The name of the absolutely wise man is reserved for him
whose consideration is directed to the end of the universe,
which is also the origin of the universe.
                                                        -- Thomas Aquinas


I come as one who has gathered fire,
who's plucked the dying sparks of day
that linger on in dusty books.
And I have worked at kindling other coals
to wield against the night, which left us
only spectral witness 
that light was once among us.
But each new brand is soon reduced
to ashen waste.  And what has been
is even more obscure than what shall be.

You ask: Was it worth it?
after all the years of painful growth
while trying to put on maturity,
we are still loathe to leave off sighing.
For though the enlightened mind
was offered the word as recompense
when the feeling waned, we could not find
the sought for surety amid the absurd.
And all we have learned or have retained
from experience is too little to justify
a claim to knowledge and too diverse
to imply even our own real presence.
Must I now repent me of the search
and accept my penance among the dying?



Though now is a time when time is not,
a point in space that exists complete
without relation to a past or future,
for us it is just a name for the apogee
that marks the end of our wearing climb
and starts our  futile descent into the flame.
Our yesterdays are not yet dead
nor our tomorrows still unborn.
But I have said; and in saying
the cycle comes full round.
And we have worn a momentary respite
between the solstice and the end,
just enough time to change the calendar
and pretend we do not recognize
a repetition of the same.

Come silently.  Approach with fear
a thing you do not know.  Present
the tenth, you know not why.
And steal away in hope you have 
appeased for now the dark that presses in.

Above the sounds of night-storm
the shuffling feet upon the stair
might be only those of Father
bringing candles from the kitchen.
But then again, we fear the coming
of one who brings no light.



The word dies---not from neglect
but rather from its over-popularity.
Majestic terms in vogue pass quickly though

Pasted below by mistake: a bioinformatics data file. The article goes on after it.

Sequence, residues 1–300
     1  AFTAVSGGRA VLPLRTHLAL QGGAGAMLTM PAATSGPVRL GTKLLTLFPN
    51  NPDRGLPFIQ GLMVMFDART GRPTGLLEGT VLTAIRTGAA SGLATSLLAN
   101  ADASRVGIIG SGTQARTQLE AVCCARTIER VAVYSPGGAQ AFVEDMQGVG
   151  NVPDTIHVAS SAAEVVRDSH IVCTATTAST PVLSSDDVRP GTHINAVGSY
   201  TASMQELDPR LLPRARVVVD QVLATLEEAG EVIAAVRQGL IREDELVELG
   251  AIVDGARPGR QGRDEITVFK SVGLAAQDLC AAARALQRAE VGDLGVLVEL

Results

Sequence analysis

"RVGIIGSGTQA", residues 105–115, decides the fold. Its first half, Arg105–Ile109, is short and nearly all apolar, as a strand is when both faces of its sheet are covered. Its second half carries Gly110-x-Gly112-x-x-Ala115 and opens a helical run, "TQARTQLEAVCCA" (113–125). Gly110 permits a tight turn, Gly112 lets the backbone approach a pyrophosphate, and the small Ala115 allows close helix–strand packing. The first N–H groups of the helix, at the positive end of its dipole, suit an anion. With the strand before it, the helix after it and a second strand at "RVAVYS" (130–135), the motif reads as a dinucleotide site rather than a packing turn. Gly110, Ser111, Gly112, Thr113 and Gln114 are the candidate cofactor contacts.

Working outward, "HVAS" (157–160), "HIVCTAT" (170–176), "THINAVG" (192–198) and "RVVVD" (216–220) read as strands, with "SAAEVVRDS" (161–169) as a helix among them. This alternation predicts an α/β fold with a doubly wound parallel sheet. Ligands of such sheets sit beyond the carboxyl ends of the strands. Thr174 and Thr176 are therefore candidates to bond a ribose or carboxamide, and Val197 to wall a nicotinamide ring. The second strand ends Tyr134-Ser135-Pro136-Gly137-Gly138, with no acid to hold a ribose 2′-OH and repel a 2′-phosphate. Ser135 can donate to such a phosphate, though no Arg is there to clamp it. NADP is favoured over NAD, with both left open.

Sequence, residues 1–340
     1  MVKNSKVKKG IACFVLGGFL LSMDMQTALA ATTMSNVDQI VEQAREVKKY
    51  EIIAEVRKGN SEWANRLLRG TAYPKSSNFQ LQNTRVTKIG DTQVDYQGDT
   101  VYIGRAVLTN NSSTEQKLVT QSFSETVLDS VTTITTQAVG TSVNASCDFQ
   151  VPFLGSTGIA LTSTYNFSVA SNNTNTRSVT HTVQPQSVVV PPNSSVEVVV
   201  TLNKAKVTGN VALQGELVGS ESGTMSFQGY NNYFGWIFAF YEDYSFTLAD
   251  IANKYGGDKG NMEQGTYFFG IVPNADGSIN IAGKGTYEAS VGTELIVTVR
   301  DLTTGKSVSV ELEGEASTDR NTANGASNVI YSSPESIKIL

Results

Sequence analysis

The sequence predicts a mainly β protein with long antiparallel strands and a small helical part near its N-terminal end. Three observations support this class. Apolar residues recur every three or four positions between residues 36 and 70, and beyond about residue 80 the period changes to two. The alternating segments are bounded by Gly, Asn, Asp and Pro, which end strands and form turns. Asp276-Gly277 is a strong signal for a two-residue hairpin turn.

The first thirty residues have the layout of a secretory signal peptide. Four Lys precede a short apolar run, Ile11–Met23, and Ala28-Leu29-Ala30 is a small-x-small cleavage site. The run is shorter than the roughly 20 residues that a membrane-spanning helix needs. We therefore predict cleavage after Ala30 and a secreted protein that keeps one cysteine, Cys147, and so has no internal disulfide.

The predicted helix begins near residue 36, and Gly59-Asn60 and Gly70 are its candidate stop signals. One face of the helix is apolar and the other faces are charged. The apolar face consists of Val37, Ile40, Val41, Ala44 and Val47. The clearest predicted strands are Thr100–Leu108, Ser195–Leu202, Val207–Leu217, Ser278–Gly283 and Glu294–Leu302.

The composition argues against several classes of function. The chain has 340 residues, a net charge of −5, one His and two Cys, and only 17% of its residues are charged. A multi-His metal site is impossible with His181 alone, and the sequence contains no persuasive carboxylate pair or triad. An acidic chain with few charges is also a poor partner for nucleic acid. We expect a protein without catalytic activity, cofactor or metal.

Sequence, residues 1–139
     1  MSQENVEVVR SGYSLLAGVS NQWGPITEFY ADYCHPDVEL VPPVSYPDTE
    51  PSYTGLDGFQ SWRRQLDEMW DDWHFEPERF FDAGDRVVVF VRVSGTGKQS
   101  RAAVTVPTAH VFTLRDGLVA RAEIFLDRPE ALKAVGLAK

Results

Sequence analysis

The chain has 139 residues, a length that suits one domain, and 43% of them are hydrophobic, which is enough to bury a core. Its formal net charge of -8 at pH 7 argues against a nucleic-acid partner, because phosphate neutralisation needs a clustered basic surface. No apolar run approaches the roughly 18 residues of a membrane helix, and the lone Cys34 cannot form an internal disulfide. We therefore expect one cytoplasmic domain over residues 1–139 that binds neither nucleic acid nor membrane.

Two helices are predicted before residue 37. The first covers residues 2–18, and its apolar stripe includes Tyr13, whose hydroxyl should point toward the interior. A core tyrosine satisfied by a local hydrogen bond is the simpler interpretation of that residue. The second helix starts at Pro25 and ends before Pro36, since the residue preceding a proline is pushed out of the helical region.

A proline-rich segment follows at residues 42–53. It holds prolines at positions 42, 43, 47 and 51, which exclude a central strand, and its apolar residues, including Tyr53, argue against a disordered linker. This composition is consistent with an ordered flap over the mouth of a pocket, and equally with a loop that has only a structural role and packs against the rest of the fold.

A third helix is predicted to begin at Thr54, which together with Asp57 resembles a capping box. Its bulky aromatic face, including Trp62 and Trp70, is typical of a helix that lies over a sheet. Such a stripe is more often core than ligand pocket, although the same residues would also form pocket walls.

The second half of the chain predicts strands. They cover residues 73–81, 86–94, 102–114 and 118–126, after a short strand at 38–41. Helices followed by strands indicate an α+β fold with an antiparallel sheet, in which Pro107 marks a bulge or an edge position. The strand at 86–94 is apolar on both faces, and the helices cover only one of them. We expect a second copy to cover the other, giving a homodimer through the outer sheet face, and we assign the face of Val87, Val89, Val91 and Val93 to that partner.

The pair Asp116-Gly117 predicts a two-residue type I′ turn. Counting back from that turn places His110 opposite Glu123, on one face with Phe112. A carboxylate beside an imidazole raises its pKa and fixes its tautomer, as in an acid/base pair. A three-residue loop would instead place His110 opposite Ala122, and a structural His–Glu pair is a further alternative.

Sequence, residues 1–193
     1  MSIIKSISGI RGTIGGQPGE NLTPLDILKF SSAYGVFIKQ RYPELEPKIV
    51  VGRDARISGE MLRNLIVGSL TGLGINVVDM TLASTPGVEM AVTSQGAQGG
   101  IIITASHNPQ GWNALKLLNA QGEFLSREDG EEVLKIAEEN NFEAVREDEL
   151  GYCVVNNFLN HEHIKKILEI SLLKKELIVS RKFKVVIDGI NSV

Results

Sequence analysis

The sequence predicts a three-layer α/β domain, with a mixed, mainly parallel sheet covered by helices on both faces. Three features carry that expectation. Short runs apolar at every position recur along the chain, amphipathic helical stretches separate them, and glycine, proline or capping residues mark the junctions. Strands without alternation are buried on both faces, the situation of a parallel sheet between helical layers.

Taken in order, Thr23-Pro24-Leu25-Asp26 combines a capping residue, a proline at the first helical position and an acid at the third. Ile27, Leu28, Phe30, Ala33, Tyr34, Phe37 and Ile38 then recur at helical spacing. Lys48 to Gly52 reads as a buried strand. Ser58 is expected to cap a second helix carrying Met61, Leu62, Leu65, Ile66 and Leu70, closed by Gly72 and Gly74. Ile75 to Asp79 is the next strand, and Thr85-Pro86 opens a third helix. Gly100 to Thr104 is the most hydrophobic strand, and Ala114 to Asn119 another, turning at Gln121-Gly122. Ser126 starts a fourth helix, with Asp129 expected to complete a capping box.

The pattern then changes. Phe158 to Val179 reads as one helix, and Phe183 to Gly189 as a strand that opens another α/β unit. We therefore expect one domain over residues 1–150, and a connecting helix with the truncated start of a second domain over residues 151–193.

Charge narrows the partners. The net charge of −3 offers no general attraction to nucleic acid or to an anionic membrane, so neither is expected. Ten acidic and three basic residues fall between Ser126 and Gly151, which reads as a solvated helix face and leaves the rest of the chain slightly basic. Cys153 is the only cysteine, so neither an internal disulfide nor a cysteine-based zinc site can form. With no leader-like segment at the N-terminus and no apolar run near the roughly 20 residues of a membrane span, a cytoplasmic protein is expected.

our minds and leave us nothing more
than incense traces in their wake.
But who the thurifer or where his way
they do not tell, nor can we seem to follow.
Thus, we are no longer held to the vision---
so blurred by memory's imprecision---when
around us other sights appear so clear.

Truth, you might say, changes form because
we are not enough awake to past or present;
while so much of what we call progress
is only one step sideways to avoid
the form past truth imposes.
When the word is viewed as only flesh,
we feel no pangs in crying: Crucify!
But then, I'd say, we are not the first
to kill the given Son in our zeal
to proclaim the advent of Messiah.

There is no hope without remembrance,
no basis for receiving apart from
that already given.  Having once refused
the gift, can we not return to find
it lying still within the crib?
Having let the fire be scattered,
must we sit here in the unwarmed dark?

As the rising descant of a child's laughter
breaks in on our reverent propriety
to show us the prayer within the Orders,
so present impiety makes me remember
the claim that the given has placed upon time.
And though time has left us only an ember
of the fire that caught up other warders,
we may yet---in turning toward a second birth---
find the flame that consumed the earth
still burning in the ashes of December.

                                                                         -- Mahlon H Smith


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* Author's note: This is a re-edited version of a piece
that was first published in ,
 the magazine of the Methodist Student Movement,
volume 23/3 (December 1962) pp. 2-3.

The title of this poem invokes a  name 
that western Christians traditionally assign
to one of the magi in Matthew 2.
It is used here to counter
popular images of a regal gift-bearer  
created by Renaissance artists like Benozzo Gozzoli
or the patient seeker Lew Wallace portrayed in Ben Hur
with the voice of a time-weary sage
whose quest comes to an unexpected conclusion.

Collected Poems
Mahlon H Smith

copyright 2005
all rights reserved